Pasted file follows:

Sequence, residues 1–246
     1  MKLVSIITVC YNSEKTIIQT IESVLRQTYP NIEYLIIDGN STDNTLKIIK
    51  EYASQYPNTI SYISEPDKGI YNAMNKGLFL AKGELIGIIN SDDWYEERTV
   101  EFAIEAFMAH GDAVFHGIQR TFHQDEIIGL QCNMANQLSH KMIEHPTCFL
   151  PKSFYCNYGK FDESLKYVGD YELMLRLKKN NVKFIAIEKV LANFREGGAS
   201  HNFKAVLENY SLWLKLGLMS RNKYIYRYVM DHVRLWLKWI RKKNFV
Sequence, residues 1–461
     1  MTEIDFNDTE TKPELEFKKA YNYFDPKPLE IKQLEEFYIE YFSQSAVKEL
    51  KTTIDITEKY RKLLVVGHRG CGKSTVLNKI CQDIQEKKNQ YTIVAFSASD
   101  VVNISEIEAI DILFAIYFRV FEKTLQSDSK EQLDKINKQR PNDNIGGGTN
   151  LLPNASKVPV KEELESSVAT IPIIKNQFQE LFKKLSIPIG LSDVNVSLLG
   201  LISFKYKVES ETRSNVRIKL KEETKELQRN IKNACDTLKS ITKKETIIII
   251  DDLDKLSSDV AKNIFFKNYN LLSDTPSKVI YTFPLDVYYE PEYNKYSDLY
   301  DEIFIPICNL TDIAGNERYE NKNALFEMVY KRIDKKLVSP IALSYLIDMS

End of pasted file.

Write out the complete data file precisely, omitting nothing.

Sequence, residues 1–246
     1  MKLVSIITVC YNSEKTIIQT IESVLRQTYP NIEYLIIDGN STDNTLKIIK
    51  EYASQYPNTI SYISEPDKGI YNAMNKGLFL AKGELIGIIN SDDWYEERTV
   101  EFAIEAFMAH GDAVFHGIQR TFHQDEIIGL QCNMANQLSH KMIEHPTCFL
   151  PKSFYCNYGK FDESLKYVGD YELMLRLKKN NVKFIAIEKV LANFREGGAS
   201  HNFKAVLENY SLWLKLGLMS RNKYIYRYVM DHVRLWLKWI RKKNFV
Sequence, residues 1–461
     1  MTEIDFNDTE TKPELEFKKA YNYFDPKPLE IKQLEEFYIE YFSQSAVKEL
    51  KTTIDITEKY RKLLVVGHRG CGKSTVLNKI CQDIQEKKNQ YTIVAFSASD
   101  VVNISEIEAI DILFAIYFRV FEKTLQSDSK EQLDKINKQR PNDNIGGGTN
   151  LLPNASKVPV KEELESSVAT IPIIKNQFQE LFKKLSIPIG LSDVNVSLLG
   201  LISFKYKVES ETRSNVRIKL KEETKELQRN IKNACDTLKS ITKKETIIII
   251  DDLDKLSSDV AKNIFFKNYN LLSDTPSKVI YTFPLDVYYE PEYNKYSDLY
   301  DEIFIPICNL TDIAGNERYE NKNALFEMVY KRIDKKLVSP IALSYLIDMS